Wow, I'm thinking only an Indian could do this?... after listening to a lifetime micro-tonal sitar music??? I dunno... I'm a simpleton I think.  Astounding.

Online Johnm

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Re: Other Musical Interests on YouTube
« Reply #311 on: July 05, 2020, 05:27:43 PM »
No, I think your question is a good one, John, and I certainly do not know the answer.  I just googled "carnatic singing--what is it?", and it is apparently an Indian Classical singing tradition from southern India.  Almost instantly, I was able to find on-line lessons in beginning Carnatic singing.  I think that the way it is taught, and that serious students of it are taught to hear, can result in incredibly accurate singing in terms of making pitches--but only after a great deal of work, practice and discipline, of course.  And like most other such endeavors, it probably doesn't hurt if you're gifted in the first place.  The fact that there is a discipline that can even potentially produce such results in more than one person is mind-boggling.
All best,
Johnm

Offline Slack

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Re: Other Musical Interests on YouTube
« Reply #312 on: July 05, 2020, 06:26:21 PM »
Yes, I had to do a little googling as well (after 10 minutes, I'm now an expert!).  It's associated more with violin than sitar.... her skill at doing this makes a little more sense.  These are compositions.  But Damn.  Can you imagine?

I was lucky enough to visit India for a few weeks, but never got further south than Hyderabad.  What a culture...  or cultures.  We walked past a sitar shop in Amritsar... really wanted to go in and buy one, but we had no host with us and were freaked out enough as it were... ha.

From what I read, this is a typical carnatic group... love the intent young woman, behind the lead singer, who is obviously an apprentice.


Offline lindy

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Re: Other Musical Interests on YouTube
« Reply #313 on: July 06, 2020, 01:03:00 PM »

Here's a version of Cash on the Barrelhead that I've enjoyed for years:


Offline Gmaj7

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Re: Other Musical Interests on YouTube
« Reply #314 on: July 16, 2020, 07:01:03 PM »
No, I think your question is a good one, John, and I certainly do not know the answer.  I just googled "carnatic singing--what is it?", and it is apparently an Indian Classical singing tradition from southern India.  Almost instantly, I was able to find on-line lessons in beginning Carnatic singing.  I think that the way it is taught, and that serious students of it are taught to hear, can result in incredibly accurate singing in terms of making pitches--but only after a great deal of work, practice and discipline, of course.  And like most other such endeavors, it probably doesn't hurt if you're gifted in the first place.  The fact that there is a discipline that can even potentially produce such results in more than one person is mind-boggling.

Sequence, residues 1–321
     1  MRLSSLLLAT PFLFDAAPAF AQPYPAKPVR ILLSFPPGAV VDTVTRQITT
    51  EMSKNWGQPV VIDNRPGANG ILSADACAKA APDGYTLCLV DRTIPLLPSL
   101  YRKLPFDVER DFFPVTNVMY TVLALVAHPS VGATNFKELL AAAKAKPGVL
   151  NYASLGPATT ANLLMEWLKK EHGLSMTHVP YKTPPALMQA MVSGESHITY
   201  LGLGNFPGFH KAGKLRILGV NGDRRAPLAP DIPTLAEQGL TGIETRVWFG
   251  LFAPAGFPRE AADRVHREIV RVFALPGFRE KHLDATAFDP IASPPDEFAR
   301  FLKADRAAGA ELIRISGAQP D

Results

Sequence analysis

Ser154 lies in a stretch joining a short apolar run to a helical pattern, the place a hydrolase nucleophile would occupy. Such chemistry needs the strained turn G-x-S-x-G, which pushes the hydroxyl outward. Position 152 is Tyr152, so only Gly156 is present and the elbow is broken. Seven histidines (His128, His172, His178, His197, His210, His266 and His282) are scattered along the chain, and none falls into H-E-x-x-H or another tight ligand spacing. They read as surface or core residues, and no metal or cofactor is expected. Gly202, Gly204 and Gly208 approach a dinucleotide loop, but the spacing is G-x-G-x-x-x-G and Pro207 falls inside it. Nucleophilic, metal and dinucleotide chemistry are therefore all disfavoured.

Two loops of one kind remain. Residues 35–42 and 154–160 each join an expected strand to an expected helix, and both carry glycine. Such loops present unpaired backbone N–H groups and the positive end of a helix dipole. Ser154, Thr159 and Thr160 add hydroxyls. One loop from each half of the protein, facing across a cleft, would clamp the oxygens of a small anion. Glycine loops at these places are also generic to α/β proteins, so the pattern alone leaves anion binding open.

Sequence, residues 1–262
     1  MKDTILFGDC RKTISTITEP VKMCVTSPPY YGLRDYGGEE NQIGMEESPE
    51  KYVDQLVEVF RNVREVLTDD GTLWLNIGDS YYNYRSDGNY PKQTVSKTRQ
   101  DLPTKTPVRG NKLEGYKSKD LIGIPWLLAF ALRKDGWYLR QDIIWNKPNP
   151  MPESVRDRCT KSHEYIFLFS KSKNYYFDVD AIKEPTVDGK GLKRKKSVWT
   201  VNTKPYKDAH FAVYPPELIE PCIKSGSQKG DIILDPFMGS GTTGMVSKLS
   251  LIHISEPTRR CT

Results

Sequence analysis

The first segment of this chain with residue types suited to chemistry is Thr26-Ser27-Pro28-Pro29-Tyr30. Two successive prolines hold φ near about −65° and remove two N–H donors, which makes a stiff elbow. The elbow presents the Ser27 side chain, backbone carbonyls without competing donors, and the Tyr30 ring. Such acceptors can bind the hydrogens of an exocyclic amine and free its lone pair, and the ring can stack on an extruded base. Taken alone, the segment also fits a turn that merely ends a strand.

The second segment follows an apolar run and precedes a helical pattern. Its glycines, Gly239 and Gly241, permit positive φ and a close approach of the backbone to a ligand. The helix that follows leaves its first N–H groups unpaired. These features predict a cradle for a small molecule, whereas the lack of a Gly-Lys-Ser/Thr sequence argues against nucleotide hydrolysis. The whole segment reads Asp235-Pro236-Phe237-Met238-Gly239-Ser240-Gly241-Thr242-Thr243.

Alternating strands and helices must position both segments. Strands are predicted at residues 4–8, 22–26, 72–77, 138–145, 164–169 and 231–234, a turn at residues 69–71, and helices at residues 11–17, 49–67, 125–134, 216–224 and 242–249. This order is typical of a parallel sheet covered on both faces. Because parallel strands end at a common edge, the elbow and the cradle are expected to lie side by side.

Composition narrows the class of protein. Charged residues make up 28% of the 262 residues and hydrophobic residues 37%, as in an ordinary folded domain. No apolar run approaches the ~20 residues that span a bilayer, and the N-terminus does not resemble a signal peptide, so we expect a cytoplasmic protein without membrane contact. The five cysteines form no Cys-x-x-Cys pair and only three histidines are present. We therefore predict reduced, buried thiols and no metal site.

All best,
Johnm

Carnatic refers to southern India in general; the other major distinction in Indian music is Hindustani (northern). The two different divisions tend to share a lot of thaats (scales, kind of, as I understand) but with different names. Hindustani music became more influenced by the Persia, whereas Carnatic is perhaps older and more untouched. (The current Tamil culture that exists to this day is very old; it's somewhat like going to Egypt and encountering Pharaohs).
India really is a continent rather than a country; it's diversity is staggering - having more native languages and even language groups than modern day Europe, for example.
It's hard for us to get insights into what really goes on in Indian music - I read an offhand comment by a contemporary of John Martyn that claimed he "learned the sitar in about 10 minutes". I think that reveals the depth of ignorance we had when the sitar came "onto the scene" in the 1960s. Learning the sitar is something that really takes decades, but I suppose back then in the west the bar was quite low and if you could pull of a pentatonic scale on an exotic sounding instrument a by stander might think you have "learned" the instrument!
If you're in India during the correct season then musical performances, sometimes which go all night, are not too inaccessible.
In Kochi there is a place when even during monsoon you can listen to a few hours of ragas for about $5 every night.
The thaat and raga system is something I still cannot get my head fully around - seemingly very constrained yet allowing great freedom within those constraints.

I'll take a moment to share my favourite performance, of Raag Bhairavi by Ali Akbar Khan:


If you have 51 minutes to spare, it's a staggering performance. Bhairavi is roughly Phrygian, but as you can tell there's more to it than just noodling around in Phrygian for almost an hour.